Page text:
The best private investigators adapt to use the latest technology in their pursuit of the truth, and drones have proven to be a godsend for many investigators. Rather than put themselves in a dangerous situation, these adaptive PIs can send drones overhead to check out what is going on.
Drones have proven to be a gold mine for everything from catching cheating spouses to identifying insurance fraud. But can PIs continue to use them? As privacy concerns mount, many states are regulating the use of drones—potentially threatening their use by these investigators.
For instance, North Carolina made it illegal to use a drone to observe a person or private property. Tennessee made it a misdemeanor to use drones for the surveillance of hunters or fisherman.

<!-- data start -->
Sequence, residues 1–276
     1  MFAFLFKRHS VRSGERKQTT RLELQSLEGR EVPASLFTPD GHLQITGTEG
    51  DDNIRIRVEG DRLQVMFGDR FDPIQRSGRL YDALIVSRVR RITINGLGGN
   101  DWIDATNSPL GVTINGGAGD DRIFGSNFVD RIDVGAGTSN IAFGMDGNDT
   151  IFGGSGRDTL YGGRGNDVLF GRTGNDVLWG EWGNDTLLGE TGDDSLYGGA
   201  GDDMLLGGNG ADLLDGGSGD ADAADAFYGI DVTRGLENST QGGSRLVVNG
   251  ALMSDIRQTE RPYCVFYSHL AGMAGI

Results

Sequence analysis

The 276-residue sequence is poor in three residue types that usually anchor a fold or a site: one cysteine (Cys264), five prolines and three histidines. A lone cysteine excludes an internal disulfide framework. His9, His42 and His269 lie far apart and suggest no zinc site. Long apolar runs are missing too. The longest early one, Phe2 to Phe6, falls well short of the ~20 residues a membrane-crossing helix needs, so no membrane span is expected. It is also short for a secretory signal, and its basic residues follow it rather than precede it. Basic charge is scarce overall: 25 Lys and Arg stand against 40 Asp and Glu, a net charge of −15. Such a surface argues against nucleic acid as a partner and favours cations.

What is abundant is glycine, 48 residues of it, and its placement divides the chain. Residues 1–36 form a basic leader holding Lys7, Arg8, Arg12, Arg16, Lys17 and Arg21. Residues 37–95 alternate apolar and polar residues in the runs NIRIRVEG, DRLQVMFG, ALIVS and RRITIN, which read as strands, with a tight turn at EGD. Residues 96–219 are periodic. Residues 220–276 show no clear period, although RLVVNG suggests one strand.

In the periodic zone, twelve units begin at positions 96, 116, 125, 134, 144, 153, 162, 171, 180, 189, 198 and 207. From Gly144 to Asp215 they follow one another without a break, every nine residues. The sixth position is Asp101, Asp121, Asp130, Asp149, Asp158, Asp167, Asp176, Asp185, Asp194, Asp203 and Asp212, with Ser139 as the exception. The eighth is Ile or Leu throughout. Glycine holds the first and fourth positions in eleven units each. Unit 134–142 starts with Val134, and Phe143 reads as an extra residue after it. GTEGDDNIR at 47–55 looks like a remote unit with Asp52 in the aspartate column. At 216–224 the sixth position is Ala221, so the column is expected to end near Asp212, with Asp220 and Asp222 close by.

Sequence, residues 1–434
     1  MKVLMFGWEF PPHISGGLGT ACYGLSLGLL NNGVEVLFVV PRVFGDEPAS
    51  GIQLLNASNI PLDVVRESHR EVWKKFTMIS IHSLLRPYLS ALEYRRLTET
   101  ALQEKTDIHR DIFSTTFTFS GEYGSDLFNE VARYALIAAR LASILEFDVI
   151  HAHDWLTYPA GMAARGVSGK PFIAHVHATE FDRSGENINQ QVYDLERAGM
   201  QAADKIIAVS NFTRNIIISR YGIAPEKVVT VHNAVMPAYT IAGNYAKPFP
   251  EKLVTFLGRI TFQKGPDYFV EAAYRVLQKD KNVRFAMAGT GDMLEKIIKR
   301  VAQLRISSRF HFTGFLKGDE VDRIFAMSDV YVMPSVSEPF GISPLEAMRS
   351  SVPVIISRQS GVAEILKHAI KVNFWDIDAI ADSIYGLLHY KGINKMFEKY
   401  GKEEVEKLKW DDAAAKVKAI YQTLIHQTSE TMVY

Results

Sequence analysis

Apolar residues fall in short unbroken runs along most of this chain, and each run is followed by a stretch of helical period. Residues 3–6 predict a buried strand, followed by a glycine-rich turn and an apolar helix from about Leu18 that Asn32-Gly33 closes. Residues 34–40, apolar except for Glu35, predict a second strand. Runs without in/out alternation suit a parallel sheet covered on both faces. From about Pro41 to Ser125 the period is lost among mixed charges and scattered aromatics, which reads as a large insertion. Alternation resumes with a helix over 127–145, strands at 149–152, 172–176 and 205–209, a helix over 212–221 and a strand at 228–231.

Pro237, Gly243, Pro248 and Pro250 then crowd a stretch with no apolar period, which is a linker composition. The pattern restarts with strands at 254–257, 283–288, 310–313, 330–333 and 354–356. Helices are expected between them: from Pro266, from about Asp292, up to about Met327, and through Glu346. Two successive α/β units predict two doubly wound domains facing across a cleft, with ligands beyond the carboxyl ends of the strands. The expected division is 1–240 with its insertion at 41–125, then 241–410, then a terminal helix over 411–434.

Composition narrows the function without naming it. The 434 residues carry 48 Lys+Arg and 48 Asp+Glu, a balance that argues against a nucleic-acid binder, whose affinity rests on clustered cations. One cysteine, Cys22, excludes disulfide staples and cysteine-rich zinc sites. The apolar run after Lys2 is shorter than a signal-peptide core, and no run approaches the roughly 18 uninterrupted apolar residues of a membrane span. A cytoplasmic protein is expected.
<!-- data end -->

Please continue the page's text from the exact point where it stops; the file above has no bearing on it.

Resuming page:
In early March 2015, California Senator Hannah-Beth Jackson introduced a bill that would make it illegal for drones to fly over private property. Legally, they would be trespassers.
The private use of drones is being regulated at the federal level, too. The Federal Aviation Administration announced new regulations for the use of drones. They must be less than 55 pounds and visible to their operators at all times.
While some PIs such as Chris Wright of Anaheim, California specialize in using drones, others steer clear of them because of privacy issues. Ms. Wright frequently does not have to worry about privacy issues, because she helps churches and schools monitor their own property.
Given the concern of privacy advocates in the US, it is likely that drones will be more tightly regulated at the federal level. If so, PIs could lose a highly valuable tool in their arsenal.
Another problem with using drones is that people who notice them have been known to shoot them down, thus destroying these expensive high-tech tools.